Saturday, November 16, 2013

Tax Court Side-Steps a "Beard" Return Issue to Get to Equitable Estoppel (11/16/13)

In Reifler v. Commissioner, T.C. Memo. 2013-258, here, the Tax Court was presented with an interesting issue of whether a returned original joint return without the spouse's signature was the return for purposes of the statute of limitations when the taxpayers later filed a delinquent return without any notice to the IRS about the original return.  The Tax Court ultimately held against the taxpayers on the basis of equitable estoppel, but in the interim discussed an issue of whether the "tacit consent" rule permitting the treatment of an unsigned return to be a return under Beard.

The Tax Court's summary of the opinion is:
On or about Oct. 15, 2001, the extended due date for Ps' 2000 Federal income tax return, Ps submitted to R's Andover, Massachusetts, Service Center a joint Federal income tax return for 2000, signed under penalties of perjury by P-H, but not by P-W. Upon receipt, the service center date-stamped the return, made handwritten markings indicating a missing signature, and mailed the return back to Ps with a form requesting that P-W sign it and that Ps return it to the service center within 20 days. Ps did not mail back the 2000 return with P-W's signature to the service center as requested. On July 29, 2002, respondent issued a "Taxpayer Delinquency Notice" to Ps. In response, Ps submitted a second joint Federal income tax return for 2000. The second 2000 return was identical to the first except that it was signed by both Ps opposite a date of Aug. 25, 2002, and bore neither the Oct. 15, 2001, date stamp nor the service center's markings on the original return. It was received by the service center on Sept. 2, 2002. Beginning on July 1, 2005, R obtained from Ps a series of consents extending the period of limitations on assessment and collection for 2000 until June 30, 2010, a date after the May 17, 2010, issuance of the notice of deficiency covering Ps' 2000 tax year. Ps allege that those consents are invalid because the I.R.C. sec. 6501(a) period of limitations on assessment and collection with respect to Ps' 2000 Federal income tax expired on Oct. 15, 2004, three years after they filed the initial 2000 return.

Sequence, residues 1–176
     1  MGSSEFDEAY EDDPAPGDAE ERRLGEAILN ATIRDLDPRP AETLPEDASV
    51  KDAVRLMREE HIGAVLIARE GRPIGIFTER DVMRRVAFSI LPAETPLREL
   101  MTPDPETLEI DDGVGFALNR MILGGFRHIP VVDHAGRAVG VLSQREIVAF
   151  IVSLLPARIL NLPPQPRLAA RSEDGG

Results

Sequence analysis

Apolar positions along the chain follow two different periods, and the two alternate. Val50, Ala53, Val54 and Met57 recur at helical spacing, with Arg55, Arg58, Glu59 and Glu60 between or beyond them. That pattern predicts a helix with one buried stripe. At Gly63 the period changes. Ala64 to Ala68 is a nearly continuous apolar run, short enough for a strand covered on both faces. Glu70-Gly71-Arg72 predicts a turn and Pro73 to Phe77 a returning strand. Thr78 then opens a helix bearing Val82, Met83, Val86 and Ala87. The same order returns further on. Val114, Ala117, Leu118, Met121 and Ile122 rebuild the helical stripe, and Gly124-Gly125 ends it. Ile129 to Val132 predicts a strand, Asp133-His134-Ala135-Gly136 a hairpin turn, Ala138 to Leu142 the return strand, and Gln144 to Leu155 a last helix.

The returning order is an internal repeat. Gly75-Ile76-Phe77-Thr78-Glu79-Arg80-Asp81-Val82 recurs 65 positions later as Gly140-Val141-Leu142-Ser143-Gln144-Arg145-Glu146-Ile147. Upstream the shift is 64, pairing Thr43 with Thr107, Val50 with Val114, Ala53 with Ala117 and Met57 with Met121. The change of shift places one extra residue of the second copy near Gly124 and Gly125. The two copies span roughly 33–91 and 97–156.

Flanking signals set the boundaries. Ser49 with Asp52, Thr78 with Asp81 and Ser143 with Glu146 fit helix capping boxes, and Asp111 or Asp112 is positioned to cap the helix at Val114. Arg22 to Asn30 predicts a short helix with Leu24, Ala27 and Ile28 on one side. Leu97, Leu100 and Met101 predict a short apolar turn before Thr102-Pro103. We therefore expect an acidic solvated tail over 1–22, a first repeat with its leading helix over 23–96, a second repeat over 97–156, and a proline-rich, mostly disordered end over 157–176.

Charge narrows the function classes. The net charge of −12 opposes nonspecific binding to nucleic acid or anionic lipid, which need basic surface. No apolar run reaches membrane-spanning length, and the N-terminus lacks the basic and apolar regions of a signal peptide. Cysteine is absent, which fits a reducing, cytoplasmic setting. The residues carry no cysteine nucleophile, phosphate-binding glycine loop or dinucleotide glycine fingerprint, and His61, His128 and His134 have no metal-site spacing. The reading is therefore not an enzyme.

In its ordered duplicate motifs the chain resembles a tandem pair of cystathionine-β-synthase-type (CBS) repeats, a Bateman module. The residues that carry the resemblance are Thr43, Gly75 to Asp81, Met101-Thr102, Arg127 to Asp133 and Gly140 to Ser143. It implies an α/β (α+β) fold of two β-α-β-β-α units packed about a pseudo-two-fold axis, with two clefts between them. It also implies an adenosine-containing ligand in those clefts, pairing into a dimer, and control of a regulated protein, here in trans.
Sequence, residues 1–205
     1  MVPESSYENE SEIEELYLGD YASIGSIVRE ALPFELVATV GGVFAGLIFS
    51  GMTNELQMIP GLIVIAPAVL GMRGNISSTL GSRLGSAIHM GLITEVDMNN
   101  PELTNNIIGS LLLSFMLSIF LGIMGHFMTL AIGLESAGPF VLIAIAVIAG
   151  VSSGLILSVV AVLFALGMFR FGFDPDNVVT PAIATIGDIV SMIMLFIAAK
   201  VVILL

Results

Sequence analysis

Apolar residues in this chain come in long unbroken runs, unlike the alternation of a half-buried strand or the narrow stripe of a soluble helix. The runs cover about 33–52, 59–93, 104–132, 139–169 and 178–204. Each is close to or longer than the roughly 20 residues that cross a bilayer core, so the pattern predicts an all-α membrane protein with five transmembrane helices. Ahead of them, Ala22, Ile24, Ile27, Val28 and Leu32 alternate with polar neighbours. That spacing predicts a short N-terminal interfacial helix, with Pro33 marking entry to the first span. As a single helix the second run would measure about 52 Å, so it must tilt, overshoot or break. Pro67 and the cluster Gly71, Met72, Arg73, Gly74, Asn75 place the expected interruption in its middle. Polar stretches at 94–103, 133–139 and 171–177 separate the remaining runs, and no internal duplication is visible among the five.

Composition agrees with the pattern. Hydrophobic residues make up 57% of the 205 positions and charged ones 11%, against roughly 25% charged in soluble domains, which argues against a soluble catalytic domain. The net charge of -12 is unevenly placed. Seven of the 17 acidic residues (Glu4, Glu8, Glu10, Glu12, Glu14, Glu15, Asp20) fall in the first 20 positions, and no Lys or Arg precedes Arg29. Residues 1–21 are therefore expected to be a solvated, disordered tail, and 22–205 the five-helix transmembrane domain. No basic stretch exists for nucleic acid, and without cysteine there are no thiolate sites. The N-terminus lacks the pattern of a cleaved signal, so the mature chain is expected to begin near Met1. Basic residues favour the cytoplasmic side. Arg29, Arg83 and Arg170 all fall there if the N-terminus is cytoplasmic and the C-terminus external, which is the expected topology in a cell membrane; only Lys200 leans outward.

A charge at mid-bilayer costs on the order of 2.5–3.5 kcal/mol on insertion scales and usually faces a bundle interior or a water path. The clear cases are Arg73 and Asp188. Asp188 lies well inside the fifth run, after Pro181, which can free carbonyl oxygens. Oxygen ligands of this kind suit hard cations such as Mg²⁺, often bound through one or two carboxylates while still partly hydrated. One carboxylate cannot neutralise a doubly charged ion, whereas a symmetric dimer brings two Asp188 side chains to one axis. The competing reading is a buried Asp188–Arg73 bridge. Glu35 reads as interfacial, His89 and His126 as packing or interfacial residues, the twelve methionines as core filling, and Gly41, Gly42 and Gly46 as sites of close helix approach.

Held: Ps are estopped from raising the affirmative defense of the period of limitations with regard to any 2000 deficiencies; 2000 remains open for assessment and collection of Federal income tax.
By way of background on the Beard return issue not addressed in the TC summary, I offer the following excerpts from my Federal Tax Procedure Book (footnotes omitted):
In considering the role of a return, we must first know what a return is.  A frequently cited test for a valid income tax return is the Beard test, named after the case in which it appeared:
First, there must be sufficient data to calculate [the] tax liability; second, the document must purport to be a return; third, there must be an honest and reasonable attempt to satisfy the requirements of the tax law; and fourth, the taxpayer must execute the return under penalties of perjury